“There’s a part o’ me I don’t much like. A berserker in my soul. Pure crazy. Buried so deep… I know I’ll never be rid of it. Every so often it rears up and kicks loose… an’ people die.” – Wolverine #4 (1988)
Who doesn’t love a good makeover story? A story in which the main character begins as a hopeless reject, someone lovable but ignored or unjustly treated, only to eventually find “it” and realize their potential and who they’re meant to be.
How about Cinderella? My Fair Lady? Rocky? She’s All That? More recently, Frozen, and to a degree, even the Hunger Games series? This doesn’t even include all the TV shows that include this in their premise: Extreme Home Makeover, Restaurant Impossible, The Voice. People have loved this type of story for centuries and will likely go on loving it as long as human beings are around. Admittedly, it feels great to see someone rise from the mire of a former life and become something greater. What’s not to love?
What happens when this premise is tweaked a bit, and the makeover, or better yet, the redemption of the main character doesn’t take place? That the cure-all, fix-everything “it” becomes all elusive and difficult to grasp?
Now that’s interesting.
I’d venture to say that the experience of every human being is something in between these two story types. We either see our life as a long, slow journey towards a goal that we realize… or not. Or maybe it comes further down the road. Or maybe the journey is in the opposite direction and we can’t seem to stay on the path towards our destination.
Every human being is a work in progress. The prophet Isaiah refers to the human soul as the potter’s clay, being shaped and molded as we go through our life. Where we find ourselves at age 5 is not the same place as where we find ourselves at age 25, or 35, or 45. Although our identity never changes, our mind and our soul do. Sometimes a little, sometimes a great deal.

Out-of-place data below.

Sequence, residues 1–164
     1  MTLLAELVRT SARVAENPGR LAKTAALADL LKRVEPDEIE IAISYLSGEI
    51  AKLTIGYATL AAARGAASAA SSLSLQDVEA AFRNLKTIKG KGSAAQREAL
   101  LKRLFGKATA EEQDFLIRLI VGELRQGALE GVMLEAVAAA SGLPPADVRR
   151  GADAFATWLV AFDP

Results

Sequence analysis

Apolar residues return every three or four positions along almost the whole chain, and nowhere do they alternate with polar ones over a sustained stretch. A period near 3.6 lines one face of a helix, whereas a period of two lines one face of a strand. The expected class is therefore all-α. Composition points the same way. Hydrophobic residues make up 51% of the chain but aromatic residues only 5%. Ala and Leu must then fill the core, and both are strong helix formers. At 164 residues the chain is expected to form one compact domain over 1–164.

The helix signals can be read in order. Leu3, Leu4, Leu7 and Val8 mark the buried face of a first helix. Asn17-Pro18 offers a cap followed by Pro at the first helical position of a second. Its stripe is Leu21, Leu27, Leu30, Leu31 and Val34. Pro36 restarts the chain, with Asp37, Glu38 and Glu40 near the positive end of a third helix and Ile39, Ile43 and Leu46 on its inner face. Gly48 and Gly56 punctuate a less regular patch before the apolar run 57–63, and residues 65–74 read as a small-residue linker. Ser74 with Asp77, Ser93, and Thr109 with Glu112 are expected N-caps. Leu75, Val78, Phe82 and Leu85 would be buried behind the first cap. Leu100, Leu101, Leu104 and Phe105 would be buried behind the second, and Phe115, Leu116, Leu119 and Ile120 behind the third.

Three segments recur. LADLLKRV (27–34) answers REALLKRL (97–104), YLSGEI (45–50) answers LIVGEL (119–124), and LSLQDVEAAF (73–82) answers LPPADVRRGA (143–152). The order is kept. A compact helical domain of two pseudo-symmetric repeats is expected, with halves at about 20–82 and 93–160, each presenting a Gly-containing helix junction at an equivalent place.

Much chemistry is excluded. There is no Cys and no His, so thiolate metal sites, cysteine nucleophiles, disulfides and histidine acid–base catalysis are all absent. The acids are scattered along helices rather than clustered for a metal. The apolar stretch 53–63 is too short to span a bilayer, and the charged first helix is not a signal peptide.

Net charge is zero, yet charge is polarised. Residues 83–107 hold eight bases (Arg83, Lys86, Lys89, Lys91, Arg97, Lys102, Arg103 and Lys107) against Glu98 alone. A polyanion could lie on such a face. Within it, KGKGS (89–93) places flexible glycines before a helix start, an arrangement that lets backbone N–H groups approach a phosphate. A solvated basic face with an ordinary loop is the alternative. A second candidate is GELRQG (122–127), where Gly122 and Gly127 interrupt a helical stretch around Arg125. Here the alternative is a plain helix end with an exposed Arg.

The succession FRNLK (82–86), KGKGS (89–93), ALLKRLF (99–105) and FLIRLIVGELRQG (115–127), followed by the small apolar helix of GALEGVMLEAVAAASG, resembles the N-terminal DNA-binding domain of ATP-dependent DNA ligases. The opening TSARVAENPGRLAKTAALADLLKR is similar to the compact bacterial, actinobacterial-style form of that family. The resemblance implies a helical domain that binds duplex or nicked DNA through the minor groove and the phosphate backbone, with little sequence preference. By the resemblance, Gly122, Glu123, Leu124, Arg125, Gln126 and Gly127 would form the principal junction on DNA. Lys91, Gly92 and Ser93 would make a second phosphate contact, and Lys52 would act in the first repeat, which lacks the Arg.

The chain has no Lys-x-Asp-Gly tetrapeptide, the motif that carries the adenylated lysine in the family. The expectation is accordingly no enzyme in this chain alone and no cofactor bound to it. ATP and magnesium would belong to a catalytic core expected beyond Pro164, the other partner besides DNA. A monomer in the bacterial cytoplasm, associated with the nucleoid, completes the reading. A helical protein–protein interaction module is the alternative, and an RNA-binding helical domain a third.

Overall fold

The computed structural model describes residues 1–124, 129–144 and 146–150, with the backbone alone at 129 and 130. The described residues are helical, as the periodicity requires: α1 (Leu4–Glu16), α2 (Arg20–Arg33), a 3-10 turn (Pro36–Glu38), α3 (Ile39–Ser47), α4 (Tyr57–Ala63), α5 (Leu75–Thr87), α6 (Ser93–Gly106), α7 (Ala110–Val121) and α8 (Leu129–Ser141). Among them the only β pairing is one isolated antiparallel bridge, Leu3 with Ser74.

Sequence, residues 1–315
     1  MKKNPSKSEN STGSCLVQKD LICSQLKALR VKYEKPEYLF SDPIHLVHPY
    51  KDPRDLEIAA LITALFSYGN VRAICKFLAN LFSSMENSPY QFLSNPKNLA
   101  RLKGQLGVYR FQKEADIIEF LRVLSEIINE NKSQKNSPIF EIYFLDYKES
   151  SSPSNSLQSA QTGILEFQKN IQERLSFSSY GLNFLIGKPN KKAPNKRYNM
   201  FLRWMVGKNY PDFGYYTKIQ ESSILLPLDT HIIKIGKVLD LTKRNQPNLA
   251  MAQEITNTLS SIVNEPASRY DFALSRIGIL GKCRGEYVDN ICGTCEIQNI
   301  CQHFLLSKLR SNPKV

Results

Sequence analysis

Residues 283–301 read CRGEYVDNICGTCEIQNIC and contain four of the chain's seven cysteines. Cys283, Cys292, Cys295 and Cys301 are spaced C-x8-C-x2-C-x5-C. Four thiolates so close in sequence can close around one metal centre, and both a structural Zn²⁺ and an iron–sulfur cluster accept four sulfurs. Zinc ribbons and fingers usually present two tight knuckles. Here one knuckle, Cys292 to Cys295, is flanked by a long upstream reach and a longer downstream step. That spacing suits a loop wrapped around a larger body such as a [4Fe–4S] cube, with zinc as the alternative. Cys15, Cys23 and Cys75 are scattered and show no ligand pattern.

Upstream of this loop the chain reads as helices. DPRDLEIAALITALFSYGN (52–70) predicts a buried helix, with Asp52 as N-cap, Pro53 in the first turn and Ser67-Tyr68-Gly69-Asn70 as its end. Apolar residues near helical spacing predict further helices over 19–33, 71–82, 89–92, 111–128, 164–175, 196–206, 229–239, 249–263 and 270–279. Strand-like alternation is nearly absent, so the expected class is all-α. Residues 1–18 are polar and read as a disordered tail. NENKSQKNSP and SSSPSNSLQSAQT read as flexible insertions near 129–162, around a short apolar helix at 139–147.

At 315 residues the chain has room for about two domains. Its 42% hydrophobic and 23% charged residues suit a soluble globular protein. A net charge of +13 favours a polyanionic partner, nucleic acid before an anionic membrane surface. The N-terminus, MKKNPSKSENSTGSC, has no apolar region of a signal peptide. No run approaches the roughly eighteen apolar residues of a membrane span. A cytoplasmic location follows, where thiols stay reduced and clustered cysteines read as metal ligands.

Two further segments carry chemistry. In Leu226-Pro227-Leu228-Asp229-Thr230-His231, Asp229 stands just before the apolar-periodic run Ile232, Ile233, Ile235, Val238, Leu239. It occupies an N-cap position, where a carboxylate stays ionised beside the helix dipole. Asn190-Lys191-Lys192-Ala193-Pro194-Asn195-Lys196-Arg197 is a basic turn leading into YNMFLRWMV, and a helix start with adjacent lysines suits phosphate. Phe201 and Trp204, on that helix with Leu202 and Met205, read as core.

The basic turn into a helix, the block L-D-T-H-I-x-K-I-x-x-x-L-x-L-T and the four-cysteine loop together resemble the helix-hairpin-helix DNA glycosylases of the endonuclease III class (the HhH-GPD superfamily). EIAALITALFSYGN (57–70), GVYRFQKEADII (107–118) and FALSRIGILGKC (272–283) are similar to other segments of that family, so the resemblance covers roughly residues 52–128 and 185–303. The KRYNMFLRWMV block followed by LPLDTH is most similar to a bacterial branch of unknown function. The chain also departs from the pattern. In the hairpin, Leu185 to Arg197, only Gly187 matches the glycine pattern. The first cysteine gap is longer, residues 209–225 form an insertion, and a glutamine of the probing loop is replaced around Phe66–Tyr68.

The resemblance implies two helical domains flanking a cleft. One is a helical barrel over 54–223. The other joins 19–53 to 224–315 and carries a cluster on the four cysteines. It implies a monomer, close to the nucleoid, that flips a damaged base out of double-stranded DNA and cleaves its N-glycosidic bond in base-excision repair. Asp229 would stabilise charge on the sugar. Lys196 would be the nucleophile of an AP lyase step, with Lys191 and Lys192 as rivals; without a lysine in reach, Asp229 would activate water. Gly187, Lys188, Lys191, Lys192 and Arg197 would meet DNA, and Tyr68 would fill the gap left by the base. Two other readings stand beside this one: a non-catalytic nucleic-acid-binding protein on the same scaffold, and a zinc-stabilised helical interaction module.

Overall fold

Would it be safe to call this our “inner struggle?”
Some of the most popular characters in fiction wrestle with an inner struggle, and we love it. If Heracles were all god or all human, rather than both, where would the conflict be? If there was a Dr. Jekyll without Mr. Hyde, why would we care? If Bruce Banner were able to control his transformations into the Hulk without any trouble or effect on his personal life, would the character have lasted this long? Someone once said that the essence of any good story is in its conflict. When we have conflict, we have an interesting story. When there is no conflict- be it with others, within ourselves, with God/fate/destiny/etc- we don’t have much of a story, do we?
These were the questions Chris Claremont brought to the table when he began writing the character of Wolverine in 1975. Although created by Len Wein and John Romita to be little more than an angry adversary for the Hulk in 1973, it was only when Claremont (with help from John Byrne and Frank Miller) took on the character that he exploded into one of the most popular heroes in all of comicdom. Claremont has often said that after the first few years of writing Wolverine in Uncanny X-Men, “the angry berserker” stereotype was so boring and one dimensional that he wanted to write the character out of the book. All of that changed when the all-important question of “what makes this character tick?” (aka “so what?”) was asked in 1982.